From: Ottawa, Canada
I don't know about a German Strat. Bombing campaign.
First off, Germany has very very few fighters with any kind of range and those that they do have are either better served as bombers (110s) or don't show up until later in the war. This means that the bombers will often have to go unescorted and that's made worse because their bomber's A2A values are also lousy.
The CW's strat bombers have generally poor a2a factors, and so do many of the USA's. That doesn't stop them from launching raids, even unescorted ones, into Germany, into the teeth of German fighter cover.
I already acknowledge that Germany isn't good at strategic bombing: "German air forces are not very good at strategic air warfare". The point is not for them to attempt to beat the Allies at what is the (Western) Allied way of war par excellence. The point is to force the Allies to do something they don't want to do - defend their own factories.
As France I'd love to see Germany Strat. bombing me. It means those planes are not Ground Striking/Supporting me (and maybe the CW can intercept them for me), and if he went anywhere other than a front line factory I could actually send a FTR after them with an advantage in A2A combat. I suppose if Germany had left over planes on the turn Paris goes down and there aren't any French FTRs... but then what's France going to do with those build points anyway (unless they're sending them to the CW at that time).
Yes, of course during the summer campaign the Germans are too busy supporting their offensive operations to be bothered with strategically bombing French targets, of which all the key ones should soon fall to Germany. That leaves three turns of relatively bad weather during the fall, winter and spring of 39/40 where they may well have air units sitting idle with nothing to do... but strat bomb French factories.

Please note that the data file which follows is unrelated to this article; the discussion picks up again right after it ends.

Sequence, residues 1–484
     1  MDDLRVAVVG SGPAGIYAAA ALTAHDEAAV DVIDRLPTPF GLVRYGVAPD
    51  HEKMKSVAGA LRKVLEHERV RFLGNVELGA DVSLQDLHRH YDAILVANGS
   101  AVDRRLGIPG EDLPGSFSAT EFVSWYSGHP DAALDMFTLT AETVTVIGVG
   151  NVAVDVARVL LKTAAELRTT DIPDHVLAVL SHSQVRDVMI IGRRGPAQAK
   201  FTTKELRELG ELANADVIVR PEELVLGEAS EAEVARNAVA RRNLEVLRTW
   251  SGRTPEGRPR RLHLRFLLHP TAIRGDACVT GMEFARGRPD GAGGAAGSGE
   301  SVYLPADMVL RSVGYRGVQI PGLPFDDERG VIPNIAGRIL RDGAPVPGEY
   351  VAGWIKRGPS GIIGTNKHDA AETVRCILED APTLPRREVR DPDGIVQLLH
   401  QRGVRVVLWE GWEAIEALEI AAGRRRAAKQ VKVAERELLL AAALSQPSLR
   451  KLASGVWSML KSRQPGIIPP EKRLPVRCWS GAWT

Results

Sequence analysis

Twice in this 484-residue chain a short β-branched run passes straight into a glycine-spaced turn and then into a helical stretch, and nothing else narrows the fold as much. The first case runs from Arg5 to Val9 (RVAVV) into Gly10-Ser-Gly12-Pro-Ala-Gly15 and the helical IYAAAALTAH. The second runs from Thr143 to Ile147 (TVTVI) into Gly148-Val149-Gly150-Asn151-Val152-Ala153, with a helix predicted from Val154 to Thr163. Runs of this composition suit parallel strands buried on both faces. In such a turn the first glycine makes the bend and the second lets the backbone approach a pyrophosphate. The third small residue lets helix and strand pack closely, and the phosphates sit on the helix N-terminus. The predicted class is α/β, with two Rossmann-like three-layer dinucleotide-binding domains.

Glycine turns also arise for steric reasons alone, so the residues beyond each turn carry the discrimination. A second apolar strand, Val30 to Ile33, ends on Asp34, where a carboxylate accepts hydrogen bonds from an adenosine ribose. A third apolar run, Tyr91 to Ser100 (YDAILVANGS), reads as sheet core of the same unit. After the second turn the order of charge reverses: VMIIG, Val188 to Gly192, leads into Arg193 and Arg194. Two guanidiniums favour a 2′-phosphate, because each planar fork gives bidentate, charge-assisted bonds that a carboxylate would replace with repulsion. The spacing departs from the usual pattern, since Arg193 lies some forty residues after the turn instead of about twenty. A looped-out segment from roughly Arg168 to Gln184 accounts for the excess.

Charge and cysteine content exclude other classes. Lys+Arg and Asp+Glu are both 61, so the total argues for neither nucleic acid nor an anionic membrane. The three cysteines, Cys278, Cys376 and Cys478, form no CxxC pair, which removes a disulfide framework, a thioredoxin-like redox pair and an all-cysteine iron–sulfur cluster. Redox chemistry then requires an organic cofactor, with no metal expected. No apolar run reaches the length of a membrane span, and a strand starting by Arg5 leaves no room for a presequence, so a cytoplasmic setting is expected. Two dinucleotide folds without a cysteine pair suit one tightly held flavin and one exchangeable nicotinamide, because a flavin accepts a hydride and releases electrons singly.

The French have a real shortage of fighters during that period, and a German strat bombing campaign vs. France could also be about trying to force them to fight, since Germany can make good on air unit losses much more quickly than France. And if the French don't give battle, hey, you get a badly needed +1 to the die roll.
Against the CW, the same applies until the fall of France. Then it's probably more of a wash. The Germans will have more FTRs that can reach London so will probably have a bit of an advantage in the A2A tables, but after factoring in the higher cost of losses (FTRs + LND + more pilots vs. FTRs + less pilots) I bet its pretty close to a break even situation. Given that, it seems a foolish proposition if you're planning to go into Russia. Might be worth it if you're planning a Med campaign and/or Sea Lion.
Why send bombers with fighter cover to London if the CW keeps their fighters there? Why not head for the mid-country where there are more targets? Force the CW to leave a fighter there where it can't fight you in France or Belgium.